As announced at the beginning of February, a ruling over the payments-in-lieu-of-taxes (PILOT) bill for Atlantic City was expected to pop up in the upcoming weeks. After New Jersey declined to be a part of a mediation that could have resolved the dispute with Atlantic County, the heated topic was expected to come to an end on April 1 after a hearing in court. The original term of the hearing has been postponed to April 25.
The Topic of the PILOT Dispute
After the bill that was aimed at changing the way casinos pay their property taxes was approved by lawmakers in the state and sealed by Governor Phil Murphy’s signature at the end of 2021, Atlantic County decided to ensue a court fight to oppose it.
A New Jersey Superior Court ruled in favor of the county in February. The judge’s decision determined that the state law related to the payments-in-lieu-of-taxes owed by the nine casinos in Atlantic City actually violated a settlement from 2018. The respective settlement was created between the state, the county, and the nine casinos.
The main topic of the dispute is whether revenue generated by mobile sports apps and online gaming platforms should be included in the gross gaming revenue number that will establish the exact amount that the county would owe. The county will collect 13% of the total figure.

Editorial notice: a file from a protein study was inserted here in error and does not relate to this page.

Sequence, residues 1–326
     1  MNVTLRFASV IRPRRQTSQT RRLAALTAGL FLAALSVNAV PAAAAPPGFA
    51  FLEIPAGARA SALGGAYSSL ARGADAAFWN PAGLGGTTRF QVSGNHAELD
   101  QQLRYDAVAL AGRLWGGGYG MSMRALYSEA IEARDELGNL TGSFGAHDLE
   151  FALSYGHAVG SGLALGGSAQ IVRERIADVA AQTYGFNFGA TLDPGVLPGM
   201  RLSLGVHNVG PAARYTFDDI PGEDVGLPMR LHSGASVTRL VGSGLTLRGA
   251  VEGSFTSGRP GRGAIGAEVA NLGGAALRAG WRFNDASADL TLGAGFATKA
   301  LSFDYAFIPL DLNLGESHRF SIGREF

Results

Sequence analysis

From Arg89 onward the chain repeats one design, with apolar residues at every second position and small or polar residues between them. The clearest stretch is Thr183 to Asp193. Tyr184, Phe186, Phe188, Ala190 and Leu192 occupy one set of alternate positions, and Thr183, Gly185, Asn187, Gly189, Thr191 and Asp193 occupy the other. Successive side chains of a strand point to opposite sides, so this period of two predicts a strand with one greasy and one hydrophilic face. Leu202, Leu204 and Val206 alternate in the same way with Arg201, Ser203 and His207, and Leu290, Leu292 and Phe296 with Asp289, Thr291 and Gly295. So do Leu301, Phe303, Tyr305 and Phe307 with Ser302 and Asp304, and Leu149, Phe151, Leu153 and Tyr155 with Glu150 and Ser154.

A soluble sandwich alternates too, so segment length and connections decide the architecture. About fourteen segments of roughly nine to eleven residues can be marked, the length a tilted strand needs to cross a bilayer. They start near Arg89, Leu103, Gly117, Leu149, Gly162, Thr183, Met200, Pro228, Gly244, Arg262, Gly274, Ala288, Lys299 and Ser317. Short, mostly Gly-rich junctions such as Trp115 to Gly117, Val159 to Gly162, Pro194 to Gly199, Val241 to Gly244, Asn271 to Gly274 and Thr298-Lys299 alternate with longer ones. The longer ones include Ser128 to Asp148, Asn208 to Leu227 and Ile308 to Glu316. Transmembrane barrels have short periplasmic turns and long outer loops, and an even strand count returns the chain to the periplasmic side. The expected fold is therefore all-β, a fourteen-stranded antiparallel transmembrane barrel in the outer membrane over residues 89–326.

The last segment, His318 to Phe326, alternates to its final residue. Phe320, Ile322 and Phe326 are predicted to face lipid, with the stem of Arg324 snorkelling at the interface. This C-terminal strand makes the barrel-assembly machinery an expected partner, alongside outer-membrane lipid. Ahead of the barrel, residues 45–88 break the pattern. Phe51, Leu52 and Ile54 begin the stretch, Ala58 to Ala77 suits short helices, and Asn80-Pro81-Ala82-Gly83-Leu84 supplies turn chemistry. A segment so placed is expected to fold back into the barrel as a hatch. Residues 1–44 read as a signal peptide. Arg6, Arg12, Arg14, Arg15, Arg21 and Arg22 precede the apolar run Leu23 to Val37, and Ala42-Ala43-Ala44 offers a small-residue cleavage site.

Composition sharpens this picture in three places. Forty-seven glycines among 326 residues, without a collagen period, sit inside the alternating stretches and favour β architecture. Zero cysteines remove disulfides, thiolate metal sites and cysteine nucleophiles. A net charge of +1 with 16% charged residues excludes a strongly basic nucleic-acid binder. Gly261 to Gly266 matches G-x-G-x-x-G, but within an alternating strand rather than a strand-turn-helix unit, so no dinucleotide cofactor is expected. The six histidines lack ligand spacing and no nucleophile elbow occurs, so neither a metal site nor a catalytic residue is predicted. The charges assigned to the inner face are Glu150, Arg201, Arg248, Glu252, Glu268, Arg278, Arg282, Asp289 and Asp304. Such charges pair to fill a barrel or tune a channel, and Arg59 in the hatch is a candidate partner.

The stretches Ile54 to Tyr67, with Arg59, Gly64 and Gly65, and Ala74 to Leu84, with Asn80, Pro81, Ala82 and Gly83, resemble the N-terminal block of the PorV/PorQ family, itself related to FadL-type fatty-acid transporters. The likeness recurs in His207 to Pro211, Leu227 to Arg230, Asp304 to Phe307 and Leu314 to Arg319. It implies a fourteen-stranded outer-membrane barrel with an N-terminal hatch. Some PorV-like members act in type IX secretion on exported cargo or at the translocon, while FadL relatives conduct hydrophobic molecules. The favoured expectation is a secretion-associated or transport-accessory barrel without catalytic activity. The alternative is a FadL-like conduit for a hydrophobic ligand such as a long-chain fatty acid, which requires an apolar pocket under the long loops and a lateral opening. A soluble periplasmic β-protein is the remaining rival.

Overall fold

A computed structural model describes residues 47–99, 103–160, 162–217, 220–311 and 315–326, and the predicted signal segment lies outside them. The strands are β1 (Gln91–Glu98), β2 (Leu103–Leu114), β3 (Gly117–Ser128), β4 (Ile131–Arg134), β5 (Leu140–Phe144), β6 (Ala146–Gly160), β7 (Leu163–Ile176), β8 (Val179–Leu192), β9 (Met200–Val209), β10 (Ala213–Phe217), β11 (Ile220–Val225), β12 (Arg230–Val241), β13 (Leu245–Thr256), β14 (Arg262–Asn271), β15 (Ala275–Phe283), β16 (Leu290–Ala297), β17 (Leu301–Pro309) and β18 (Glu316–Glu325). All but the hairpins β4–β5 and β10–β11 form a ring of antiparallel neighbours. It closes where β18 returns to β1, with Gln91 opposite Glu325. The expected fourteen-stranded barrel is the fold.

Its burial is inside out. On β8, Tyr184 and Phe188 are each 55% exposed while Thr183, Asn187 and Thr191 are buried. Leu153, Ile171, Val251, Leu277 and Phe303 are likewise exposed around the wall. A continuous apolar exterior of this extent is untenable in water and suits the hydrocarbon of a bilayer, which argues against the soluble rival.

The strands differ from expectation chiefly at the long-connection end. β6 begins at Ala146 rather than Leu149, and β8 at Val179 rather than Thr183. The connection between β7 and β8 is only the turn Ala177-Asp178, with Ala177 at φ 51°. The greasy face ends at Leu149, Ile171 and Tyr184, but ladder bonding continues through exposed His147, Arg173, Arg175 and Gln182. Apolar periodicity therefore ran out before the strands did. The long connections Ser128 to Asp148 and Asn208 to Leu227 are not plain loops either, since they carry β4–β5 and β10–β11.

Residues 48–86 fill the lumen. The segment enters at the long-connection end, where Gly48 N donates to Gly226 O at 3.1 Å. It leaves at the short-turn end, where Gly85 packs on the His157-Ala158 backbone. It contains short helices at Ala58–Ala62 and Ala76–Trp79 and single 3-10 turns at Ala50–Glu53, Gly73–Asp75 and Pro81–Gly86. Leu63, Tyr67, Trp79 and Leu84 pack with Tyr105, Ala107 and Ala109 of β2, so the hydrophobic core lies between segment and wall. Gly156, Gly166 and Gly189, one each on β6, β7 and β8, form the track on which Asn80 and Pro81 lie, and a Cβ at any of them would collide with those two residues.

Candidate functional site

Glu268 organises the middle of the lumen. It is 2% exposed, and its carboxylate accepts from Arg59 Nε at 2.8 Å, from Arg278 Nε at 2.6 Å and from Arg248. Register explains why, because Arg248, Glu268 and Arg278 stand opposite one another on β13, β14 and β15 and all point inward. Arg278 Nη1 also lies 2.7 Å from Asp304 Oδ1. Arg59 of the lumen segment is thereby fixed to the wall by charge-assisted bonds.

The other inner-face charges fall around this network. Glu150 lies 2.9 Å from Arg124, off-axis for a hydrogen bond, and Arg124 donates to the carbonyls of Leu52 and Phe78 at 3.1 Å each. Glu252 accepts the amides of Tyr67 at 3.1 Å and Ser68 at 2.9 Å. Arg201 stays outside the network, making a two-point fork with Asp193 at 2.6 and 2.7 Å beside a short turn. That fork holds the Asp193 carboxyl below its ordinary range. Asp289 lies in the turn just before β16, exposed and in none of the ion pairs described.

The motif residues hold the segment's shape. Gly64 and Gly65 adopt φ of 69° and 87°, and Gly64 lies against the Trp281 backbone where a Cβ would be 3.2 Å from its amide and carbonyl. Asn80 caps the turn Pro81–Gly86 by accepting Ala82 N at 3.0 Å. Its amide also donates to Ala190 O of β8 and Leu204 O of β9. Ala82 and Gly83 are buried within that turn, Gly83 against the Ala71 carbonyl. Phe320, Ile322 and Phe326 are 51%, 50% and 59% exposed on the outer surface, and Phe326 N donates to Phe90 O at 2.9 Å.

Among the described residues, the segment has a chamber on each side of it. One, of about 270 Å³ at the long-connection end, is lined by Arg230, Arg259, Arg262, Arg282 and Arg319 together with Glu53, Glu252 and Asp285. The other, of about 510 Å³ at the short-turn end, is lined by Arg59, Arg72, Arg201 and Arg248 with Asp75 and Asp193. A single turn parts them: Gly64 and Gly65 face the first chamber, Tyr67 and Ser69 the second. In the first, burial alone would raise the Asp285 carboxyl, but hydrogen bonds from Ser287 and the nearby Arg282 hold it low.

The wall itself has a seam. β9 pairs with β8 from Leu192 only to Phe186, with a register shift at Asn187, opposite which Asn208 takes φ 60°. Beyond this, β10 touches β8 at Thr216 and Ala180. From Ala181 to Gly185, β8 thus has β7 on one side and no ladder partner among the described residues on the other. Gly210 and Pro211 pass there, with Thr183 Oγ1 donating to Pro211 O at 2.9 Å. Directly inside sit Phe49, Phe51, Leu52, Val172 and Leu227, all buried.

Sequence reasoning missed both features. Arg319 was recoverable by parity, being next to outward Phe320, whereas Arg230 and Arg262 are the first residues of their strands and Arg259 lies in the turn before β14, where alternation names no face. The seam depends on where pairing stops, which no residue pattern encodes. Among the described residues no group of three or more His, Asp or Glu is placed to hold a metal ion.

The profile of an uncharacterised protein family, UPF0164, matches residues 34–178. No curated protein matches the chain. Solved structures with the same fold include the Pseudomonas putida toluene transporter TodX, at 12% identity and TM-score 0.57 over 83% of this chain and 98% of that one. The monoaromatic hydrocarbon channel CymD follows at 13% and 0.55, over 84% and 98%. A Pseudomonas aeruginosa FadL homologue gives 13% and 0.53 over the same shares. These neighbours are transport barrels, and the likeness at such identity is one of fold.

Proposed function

The nine Atlantic City casinos won over lawmakers who determined that since the casinos would only keep a small share of the revenue compared to the operators responsible for running the apps and sites, state regulators from the Division of Gaming Enforcement incorrectly added the respective numbers when calculating the PILOT.
State Attorneys VS County Lawyers
On the one hand, state attorneys consider gross gaming revenue should be determined at the level established by the Division for Gaming Enforcement for the purpose of calculating the yearly PILOT. On the other hand, county lawyers consider a deeper understanding of revenue generated by mobile betting apps and online casinos should be taken into account when calculating the figure that will be setting the level of the PILOT.
During a Senate Budget and Appropriations Committee hearing held in December, Senate President Stephen Sweeney stated that as many as four casinos in Atlantic City might be forced to shut down their operations without a proper adjustment. In opposition, ex-city mayor Don Guardian argued that the casinos themselves established the tax model back in 2016.
According to the respective model, whenever a casino would go through a rough patch, the tax bill was supposed to go down. However, the addition of fresh gambling dollar sources triggered casino revenues to rise to new highs never seen before. Accordingly, this led to casinos owing even more money to the state, county, and city authorities.
The new definition of the revenue is expected to cost the county anywhere between $3 to $5 million a year.